Living in the state with the largest achievement gap between white and BIPOC students, it is important to recognize the reasons and significance behind the disparities to find ways to close the divide.
While attending a private school does not necessarily contribute to the achievement gap, it does provide advantages. Independent school funding provides access to top-tier curricula and facilities, in addition to networking connections and low student teacher ratio. College acceptance rates are at 100%. It is crucial to understand that this is not the case for most, especially along racial and socioeconomic lines. At SPA, for example, 66% of students are white. Socioeconomically, we come from neighborhoods with resources and families that feel empowered to make school choices. What we do with this advantage can contribute to closing the achievement gap for others.
Being educated on the reasons behind the achievement gap in Minnesota is crucial in beginning to make a difference.
The NPR podcast NPR Early Risers hosted by Dianne Haulcy, explains how early childhood plays a huge role in how children process trauma and ways in which the achievement gap can be changed in Minnesota. Early childhood (birth to age five) is a crucial time for brain development. The education a young child receives—from books at home to daycare and preschool—has a major impact on learning at grade level. Consider volunteering at and/or raising money for organizations that support early childhood learning.
Data also shows that kids surrounded by other smart kids can have huge benefits. Peer tutoring at an after school program or running a book club through a local library is another way to use independent school education to increase reading and math proficiency for other students in Minnesota.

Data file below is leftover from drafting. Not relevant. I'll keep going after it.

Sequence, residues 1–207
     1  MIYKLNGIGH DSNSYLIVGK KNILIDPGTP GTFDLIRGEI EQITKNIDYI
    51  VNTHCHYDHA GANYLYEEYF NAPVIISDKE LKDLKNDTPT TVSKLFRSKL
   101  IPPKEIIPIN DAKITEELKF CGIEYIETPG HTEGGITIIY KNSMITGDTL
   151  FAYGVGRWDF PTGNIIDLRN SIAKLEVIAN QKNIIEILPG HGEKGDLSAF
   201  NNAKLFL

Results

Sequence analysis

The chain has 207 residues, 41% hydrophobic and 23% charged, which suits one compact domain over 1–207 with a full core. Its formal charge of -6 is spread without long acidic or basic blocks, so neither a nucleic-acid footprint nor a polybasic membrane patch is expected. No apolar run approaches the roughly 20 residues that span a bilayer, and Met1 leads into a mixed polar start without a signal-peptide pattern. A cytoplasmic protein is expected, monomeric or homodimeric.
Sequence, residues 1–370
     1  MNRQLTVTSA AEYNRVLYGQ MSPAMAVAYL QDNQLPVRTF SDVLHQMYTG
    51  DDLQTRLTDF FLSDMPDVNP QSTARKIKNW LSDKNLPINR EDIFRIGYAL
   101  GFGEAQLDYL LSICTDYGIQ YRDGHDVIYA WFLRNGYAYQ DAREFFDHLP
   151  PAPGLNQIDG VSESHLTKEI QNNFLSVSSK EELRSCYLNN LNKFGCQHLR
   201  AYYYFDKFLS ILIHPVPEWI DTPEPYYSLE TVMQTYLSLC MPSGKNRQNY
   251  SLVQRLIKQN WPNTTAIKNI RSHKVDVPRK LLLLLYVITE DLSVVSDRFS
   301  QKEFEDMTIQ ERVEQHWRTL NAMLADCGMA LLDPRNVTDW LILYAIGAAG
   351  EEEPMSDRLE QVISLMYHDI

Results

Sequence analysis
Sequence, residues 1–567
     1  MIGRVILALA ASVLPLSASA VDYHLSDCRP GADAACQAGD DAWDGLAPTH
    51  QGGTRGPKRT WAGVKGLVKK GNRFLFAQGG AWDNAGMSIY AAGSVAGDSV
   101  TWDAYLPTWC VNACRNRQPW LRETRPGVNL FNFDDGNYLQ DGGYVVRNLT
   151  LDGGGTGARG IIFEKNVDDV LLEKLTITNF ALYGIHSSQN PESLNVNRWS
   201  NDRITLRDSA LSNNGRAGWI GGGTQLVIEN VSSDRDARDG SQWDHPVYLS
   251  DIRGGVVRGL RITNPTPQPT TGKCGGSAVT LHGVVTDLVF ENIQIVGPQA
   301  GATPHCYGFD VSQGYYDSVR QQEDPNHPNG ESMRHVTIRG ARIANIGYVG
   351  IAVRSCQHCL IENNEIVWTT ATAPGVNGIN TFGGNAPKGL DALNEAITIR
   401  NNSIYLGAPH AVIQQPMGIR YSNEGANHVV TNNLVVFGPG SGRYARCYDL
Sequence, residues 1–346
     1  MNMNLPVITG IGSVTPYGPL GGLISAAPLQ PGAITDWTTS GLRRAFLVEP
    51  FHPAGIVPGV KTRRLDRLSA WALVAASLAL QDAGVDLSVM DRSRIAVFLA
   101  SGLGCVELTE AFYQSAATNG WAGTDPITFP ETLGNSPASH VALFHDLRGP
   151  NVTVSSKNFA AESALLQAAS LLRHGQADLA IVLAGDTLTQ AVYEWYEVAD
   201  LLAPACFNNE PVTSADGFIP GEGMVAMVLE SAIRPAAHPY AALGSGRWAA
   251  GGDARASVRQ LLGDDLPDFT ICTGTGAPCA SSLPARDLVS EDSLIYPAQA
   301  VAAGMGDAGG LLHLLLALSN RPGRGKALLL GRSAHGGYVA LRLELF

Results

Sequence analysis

The next part has to do with public policy.
Advocating for a shift in property tax allocation at the state level is one way to close the gap. Public schools are funded by property taxes collected by respective districts, and since most schools are connected to neighborhoods, this creates large funding disparities. Minnesota has one of the widest gaps between white and BIPOC homeownership, a significant determinant of wealth. More white families have homes in richer neighborhoods, which means they have a better chance of sending their children to better-funded schools. One of the major factors for racial disparities in school systems is historic racial segregation, redlining, and the disadvantages many BIPOC people continue to face. If the state took all property taxes, and divided that money evenly amongst all students, the per pupil funding, one significant determinant of success, would be equal, giving each student an equal number of tax dollars to cover the cost of books and supplies, nutrition, and support staff regardless of their address.
Voting for candidates and public figures that are working to close the achievement gap, not just in Minnesota but across the nation, can make a huge difference. While many students are not old enough to vote, using a quality education to work to change public policy is effective. Keep up with legislation. Intern for candidates who support education in campaigns.
Using personal access to quality education to provide others with similar opportunities, working to change public policies, or simply learning more about why the achievement gap is so severe are all great ways to help mend the disparities within the education systems in Minnesota.